Being A ‘Lone Wolf’ May Slay In 'Call Of Duty' But It’s Not A Great Life Strategy – Here’s Why

Loneliness is on the rise – even though we’re better able to connect with friends than ever. But why is it such a problem, and does your choice of who to hang out with make a difference?

No one is really adapted to live alone. We are a social species; born depending on our parents, and evolutionarily adapted to living in groups where we can use our bigger-than-average brains to plan and work together. Our brains and biology are adapted to favour communicating with others, which is why even the most dedicated introvert still reads, listens to music or goes on Twitter. But we’re only just starting to understand just how serious the consequences of loneliness can be – at the same time that a connected society is, counterintuitively, making us more isolated than ever. So what’s going on? And how can we fix it?

Alone In A Crowded Place Loneliness tends to be associated with people without many options: the elderly or housebound, or people with few friends or family. But really, it’s a subjective feeling: you might be surrounded by other people – friends, family, colleagues – and yet still feel emotionally or socially disconnected from the people around you. The problem isn’t just literal social isolation, but feeling socially isolated: apart from the groups or tribes that we need to help us survive. This makes sense in evolutionary terms, because in the thousands of years we spent in the wild, a human alone could have expected death from starvation, cold, hungry beasts – or even other groups of (more socially-adapted) humans. A tribe that fell apart or became incapable of acting together became easy prey for more integrated tribes or raiders. Since our biology’s changed relatively little since then, isolation is still a very real problem, because it activates the same physical and psychological stress responses as other types of danger.

When you’re isolated, brain-imaging studies suggest your brain becomes hyper-vigilant for danger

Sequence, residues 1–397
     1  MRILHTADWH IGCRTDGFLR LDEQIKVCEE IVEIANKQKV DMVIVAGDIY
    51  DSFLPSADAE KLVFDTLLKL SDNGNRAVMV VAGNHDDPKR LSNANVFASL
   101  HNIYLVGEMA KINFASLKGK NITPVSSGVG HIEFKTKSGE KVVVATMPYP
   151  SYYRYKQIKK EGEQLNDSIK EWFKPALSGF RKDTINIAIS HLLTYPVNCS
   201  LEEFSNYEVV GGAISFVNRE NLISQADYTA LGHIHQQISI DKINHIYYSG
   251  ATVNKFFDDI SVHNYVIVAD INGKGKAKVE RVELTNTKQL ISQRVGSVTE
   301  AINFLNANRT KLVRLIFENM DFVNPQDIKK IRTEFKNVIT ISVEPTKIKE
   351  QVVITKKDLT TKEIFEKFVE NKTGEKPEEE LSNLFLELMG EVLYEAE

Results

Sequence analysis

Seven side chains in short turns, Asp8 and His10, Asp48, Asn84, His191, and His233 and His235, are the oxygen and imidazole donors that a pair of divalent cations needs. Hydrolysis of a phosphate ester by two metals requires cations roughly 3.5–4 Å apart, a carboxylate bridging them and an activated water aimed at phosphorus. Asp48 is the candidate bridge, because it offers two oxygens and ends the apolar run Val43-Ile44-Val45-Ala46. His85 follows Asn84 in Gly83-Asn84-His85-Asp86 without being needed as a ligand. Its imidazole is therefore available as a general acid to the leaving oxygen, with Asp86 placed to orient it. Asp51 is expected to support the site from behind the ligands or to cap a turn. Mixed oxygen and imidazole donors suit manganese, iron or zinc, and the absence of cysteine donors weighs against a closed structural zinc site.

A Physical Toll When you’re feeling isolated, brain-imaging studies suggest, your brain becomes hyper-vigilant for danger, making you more likely to have negative interactions with others and jacking up your levels of the stress hormone cortisol, downregulating other physical systems and making us more prone to everything from obesity to illness. ‘Loneliness is actually a killer,’ life coach Carole Ann Rice tells RISING. ‘Isolation leads to depression and illnesses such as strokes, high blood pressure and heart attacks, which can be caused as a result of deep anxiety. When we are withdrawn from society life seems unlivable and it can lead to suicidal thoughts and self-neglect.’

The Disconnect Of Connections Our increasingly-connected society isn’t as helpful for guarding against isolation as you might expect. In the West, we tend to emphasise autonomy, independence and self-reliance – a willingness to move away from family and friends for work, to live alone and operate as individuals. Loneliness is stigmatised, and not often talked about, even though it’s as important a psychological signal as feeling hunger or pain. ‘People think it's best to not intrude or leave quiet or unassuming people alone,’ says Rice. ‘But being lonely doesn't mean the person hasn't got anything to offer – circumstances may have conspired to create this situation.’